Today, the Congressional Sportsmen’s Foundation (CSF) joined other conservation organizations on submitting a letter to the House and Senate Appropriations Committees, encouraging Congress to support full funding for U.S. Forest Service (USFS) programs that were previously underfunded due to diversions to pay for fire suppression efforts.
For years, CSF worked with a wide range of conservation partners to support a fix for fire-borrowing – the practice by which the USFS diverts funds from wildlife, outdoor recreation, and other programs to cover wildfire suppression costs. The Consolidated Appropriations Act of 2018 provided a fix to end fire-borrowing, and Congress has the opportunity to restore funding in 2020 to other USFS program budgets that are vital for improving forest health and wildlife habitat.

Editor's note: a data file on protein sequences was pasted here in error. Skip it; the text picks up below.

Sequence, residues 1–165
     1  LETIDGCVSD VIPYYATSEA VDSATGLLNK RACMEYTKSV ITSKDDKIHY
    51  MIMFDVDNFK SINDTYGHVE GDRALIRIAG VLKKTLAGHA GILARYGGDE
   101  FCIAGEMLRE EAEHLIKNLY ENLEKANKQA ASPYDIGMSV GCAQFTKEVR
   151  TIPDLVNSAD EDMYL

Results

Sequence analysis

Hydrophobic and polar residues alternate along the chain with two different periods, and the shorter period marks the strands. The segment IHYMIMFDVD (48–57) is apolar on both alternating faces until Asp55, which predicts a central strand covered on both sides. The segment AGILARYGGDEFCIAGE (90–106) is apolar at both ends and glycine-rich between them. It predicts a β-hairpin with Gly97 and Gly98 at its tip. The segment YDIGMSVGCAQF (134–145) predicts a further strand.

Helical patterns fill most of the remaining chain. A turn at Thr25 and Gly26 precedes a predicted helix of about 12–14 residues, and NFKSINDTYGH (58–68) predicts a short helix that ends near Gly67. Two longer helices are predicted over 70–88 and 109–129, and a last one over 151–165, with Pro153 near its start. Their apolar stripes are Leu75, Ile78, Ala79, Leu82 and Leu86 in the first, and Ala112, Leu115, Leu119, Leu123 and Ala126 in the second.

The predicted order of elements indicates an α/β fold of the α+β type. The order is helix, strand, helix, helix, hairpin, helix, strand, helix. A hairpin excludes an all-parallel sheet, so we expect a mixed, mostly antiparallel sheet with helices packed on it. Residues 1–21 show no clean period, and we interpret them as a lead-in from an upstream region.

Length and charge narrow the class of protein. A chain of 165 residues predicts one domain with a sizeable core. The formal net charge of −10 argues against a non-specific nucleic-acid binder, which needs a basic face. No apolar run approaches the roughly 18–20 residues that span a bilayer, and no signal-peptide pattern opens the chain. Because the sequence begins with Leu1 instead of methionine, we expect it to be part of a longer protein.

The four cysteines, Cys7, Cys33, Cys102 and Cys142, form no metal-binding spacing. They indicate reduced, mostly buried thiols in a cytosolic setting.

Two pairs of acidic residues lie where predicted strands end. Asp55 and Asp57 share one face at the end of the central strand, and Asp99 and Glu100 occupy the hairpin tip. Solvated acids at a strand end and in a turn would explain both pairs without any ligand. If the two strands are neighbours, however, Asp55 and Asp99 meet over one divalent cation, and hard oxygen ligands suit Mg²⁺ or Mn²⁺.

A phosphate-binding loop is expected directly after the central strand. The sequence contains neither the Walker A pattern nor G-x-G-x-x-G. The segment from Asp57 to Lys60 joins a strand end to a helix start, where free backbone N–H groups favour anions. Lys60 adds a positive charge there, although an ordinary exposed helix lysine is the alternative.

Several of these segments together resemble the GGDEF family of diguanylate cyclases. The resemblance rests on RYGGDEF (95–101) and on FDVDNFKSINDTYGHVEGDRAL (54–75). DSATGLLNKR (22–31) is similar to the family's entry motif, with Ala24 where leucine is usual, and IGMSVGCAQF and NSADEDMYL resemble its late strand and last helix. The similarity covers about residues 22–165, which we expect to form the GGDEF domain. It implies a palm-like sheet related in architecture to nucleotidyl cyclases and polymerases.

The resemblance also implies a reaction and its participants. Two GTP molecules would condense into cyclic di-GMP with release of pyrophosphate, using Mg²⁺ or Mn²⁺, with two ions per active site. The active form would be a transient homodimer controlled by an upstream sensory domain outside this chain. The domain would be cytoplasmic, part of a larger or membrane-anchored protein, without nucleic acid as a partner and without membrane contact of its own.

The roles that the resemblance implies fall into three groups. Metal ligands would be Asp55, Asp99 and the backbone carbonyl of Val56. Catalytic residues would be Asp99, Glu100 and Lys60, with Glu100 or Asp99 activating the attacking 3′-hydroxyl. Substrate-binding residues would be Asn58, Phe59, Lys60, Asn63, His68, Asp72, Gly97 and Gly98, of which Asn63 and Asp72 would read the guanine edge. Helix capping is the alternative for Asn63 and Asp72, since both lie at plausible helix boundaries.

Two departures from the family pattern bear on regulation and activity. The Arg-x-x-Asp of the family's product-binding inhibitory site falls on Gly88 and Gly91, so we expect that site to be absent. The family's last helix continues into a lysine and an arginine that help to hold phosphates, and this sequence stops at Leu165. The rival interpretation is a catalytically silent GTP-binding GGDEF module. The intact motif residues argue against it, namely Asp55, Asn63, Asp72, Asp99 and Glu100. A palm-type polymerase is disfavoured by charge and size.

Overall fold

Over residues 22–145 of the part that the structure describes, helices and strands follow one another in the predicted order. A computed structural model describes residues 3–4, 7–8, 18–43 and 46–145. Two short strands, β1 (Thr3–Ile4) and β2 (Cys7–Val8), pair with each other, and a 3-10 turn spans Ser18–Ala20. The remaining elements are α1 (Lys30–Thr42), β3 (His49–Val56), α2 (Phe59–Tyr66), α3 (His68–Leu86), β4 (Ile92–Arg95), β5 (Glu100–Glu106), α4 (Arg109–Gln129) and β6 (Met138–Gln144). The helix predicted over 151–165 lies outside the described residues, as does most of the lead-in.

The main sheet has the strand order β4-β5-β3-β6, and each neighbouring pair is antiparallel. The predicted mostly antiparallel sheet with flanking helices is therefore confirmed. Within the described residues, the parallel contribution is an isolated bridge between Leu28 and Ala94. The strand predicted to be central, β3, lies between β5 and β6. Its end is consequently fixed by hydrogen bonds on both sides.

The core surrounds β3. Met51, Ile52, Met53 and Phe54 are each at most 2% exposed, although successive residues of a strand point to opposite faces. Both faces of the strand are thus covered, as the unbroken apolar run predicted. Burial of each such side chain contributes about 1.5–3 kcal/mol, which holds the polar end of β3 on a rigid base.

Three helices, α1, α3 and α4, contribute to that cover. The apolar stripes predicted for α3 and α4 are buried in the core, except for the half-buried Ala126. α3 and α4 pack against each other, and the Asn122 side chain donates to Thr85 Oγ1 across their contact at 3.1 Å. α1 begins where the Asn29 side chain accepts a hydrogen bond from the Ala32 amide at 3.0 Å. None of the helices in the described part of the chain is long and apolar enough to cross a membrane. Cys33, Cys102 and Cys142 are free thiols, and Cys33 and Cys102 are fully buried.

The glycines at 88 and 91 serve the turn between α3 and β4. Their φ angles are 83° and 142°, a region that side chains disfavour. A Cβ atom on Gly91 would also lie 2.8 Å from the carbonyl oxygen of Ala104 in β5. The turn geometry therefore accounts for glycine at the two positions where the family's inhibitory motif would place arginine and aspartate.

The letter stated, “Congress must take the second step to ensure that the funds made available by stabilizing the agency budget against rising firefighting costs are reinvested back into the Forest Service mission, with a special emphasis on forest health, recreation, and access.”
Wildfire suppression costs consumed more than 50% of the USFS budget in recent years, but sportsmen’s groups are optimistic that the USFS will be able to renew focus on vegetation management and other programs that improve forest resiliency and increase access for sportsmen and women on the more than 193 million acres of national forests and grasslands across the country.
Studies conducted at both the state and federal level have found that the number of hunters and trappers have been on a generally declining trend over the past several decades. To increase recruitment, retention, and reactivation (R3) of hunters and trappers, which initiative do you think would have the greatest impact?